According to Roger Ebert: "This is a movie so paltry in its characters and shallow in its story that the war seems to exist primarily to provide graphic visuals."
Film critic Roger Ebert. He could star in the sequel to Zero Wing.
If you consider director Len Wiseman's commentary on the bonus features of the DVD, this is exactly what they had in mind. Wiseman, who also co-wrote Underworld with Kevin Grevioux and Danny McBride, wanted to create a film that resembled an action-packed graphic novel. The war does intentionally exist primarily to provide graphic visuals.
Paltry in its characters? Well, the characters are already werewolves and vampires. They are already half-man, half-beast. How can you possibly have any of them go through a catharsis that compares to turning into a beast? There's nothing paltry about being undead, unless of course you find survival paltry.
Shallow in its story? It took three writers to write this script. The story is so complex that there were lawsuits with no clear outcome over the exact origins of the story. Again, it's an action film about vampires and werewolves.
Plus there are babes in tight pvc. Babes in tight pvc, badasses who can turn into vampires or werewolves with badass guns. Paltry my ass.
Selene (Beckinsale) is a vampire and a death dealer. Death dealers hunt werewolves, or lycans. She and her partner follow some werewolves into a subway. They manage to kill most of the werewolves, but they realise something is awry.
Werewolves usually hunt humans for food. These werewolves seemed to want a particular human alive. This human, Michael Corvin (Speedman), gets kidnapped by Selene after a werewolf bit him. She takes him back to the the vampire mansion just in time for an entree of cucumber sandwiches and a Cabernet Sanguino.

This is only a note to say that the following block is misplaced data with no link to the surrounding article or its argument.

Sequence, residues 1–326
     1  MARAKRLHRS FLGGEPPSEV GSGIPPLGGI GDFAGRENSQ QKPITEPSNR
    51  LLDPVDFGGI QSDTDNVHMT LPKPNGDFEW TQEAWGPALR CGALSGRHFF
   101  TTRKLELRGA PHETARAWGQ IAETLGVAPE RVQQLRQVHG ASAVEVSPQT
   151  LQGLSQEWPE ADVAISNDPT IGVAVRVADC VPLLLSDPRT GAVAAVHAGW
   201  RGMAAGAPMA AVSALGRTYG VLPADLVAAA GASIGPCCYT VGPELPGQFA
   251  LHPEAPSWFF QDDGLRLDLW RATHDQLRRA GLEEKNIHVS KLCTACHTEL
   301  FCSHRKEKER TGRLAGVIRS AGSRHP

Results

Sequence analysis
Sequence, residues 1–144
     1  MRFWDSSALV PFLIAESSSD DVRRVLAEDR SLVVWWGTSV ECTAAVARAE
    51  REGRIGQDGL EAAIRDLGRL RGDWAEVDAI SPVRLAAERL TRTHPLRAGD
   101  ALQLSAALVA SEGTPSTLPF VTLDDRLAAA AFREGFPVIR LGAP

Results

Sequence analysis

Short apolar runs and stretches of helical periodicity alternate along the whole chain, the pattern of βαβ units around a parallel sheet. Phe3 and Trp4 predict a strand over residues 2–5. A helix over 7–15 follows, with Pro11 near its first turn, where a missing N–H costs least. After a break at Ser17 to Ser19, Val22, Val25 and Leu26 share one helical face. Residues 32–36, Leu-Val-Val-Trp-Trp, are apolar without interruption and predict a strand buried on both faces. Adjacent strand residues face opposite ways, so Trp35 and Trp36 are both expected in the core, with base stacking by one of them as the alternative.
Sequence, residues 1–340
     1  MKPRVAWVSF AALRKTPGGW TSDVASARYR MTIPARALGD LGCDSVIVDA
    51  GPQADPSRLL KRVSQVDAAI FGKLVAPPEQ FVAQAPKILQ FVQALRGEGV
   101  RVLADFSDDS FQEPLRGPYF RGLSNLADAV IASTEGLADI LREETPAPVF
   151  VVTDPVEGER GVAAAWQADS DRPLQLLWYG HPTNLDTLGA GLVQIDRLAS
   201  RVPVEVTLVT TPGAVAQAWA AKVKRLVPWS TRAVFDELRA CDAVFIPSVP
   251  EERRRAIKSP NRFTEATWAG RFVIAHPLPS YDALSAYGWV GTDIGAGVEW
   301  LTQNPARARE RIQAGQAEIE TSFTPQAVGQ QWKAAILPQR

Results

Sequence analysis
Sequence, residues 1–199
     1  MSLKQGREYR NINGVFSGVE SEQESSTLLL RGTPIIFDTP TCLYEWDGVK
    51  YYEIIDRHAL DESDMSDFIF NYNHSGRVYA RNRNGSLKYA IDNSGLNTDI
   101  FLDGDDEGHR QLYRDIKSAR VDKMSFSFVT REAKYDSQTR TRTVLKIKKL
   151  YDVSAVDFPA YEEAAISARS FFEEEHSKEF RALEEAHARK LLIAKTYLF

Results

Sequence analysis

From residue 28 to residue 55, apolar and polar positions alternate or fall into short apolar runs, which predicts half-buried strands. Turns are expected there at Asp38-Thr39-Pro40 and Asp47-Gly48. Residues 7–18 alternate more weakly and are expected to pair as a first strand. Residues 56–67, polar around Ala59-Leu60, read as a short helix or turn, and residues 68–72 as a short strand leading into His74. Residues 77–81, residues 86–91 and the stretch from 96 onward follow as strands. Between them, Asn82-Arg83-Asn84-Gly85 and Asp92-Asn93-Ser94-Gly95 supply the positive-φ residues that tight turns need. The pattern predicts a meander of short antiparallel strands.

Michael meets the fetching (very fetching) Erika (Sophia Myles) and escapes. The vampires are upset that Selene brought a werewolf into their mansion. Bloody peasants. The people are revolting, etc.
Selene gets banished for mixing with the peasants (bloody peasants) and uncovers a secret plot. The werewolves are trying to create a vampire-lycan hybrid to use as a secret weapon in their fight against the vampires. But they had some inside help...
Let's see, we have:
- babes in pvc
- badasses with badass guns
- a vampire-lycan hybrid
It would be very difficult to ruin this combination. One guaranteed way would be to introduce the soft and sensitive side of one of the characters ala Spiderman 3. Now now, there'll be none of that.
Some great touches are that all the werewolves seem to have facial hair, while the vampires don't. All the vampires speak in posh English accents. I was waiting for one of them to say: "Fetch me some orange shurburt!".
The only downside to me is the performance of Scott Speedman. Yes, it is necessary to have a geeky, whimpy Peter Parker lookalike. It is not necessary to be a Men's Health model. I can see why they cast him in the role of Michael Corvin, but when his character turns badass it's not nearly convincing enough.
By contrast, Shane Brolly is superbly cast as the worm-like Kraven. Roger Ebert is correct, this film is entirely comprised of paltry characters in a shallow story that exist merely for great graphic visuals, but it is not a bad thing at all. It is well-written, well-presented and you get to see fetching babes in pvc.
Kate Beckinsale. In tight pvc. Somebody call me a doctor.
Sophia Myles. Fetching, very fetching.
Kevin Grevioux. This guy is just seriously badass. He also co-wrote Underworld.
Michael Sheen. Hands down, paws down the best actor in the Underworld series.
Kate Beckinsale, Kevin Grevioux, Sophia Myles, Michael Sheen, Scott Speedman.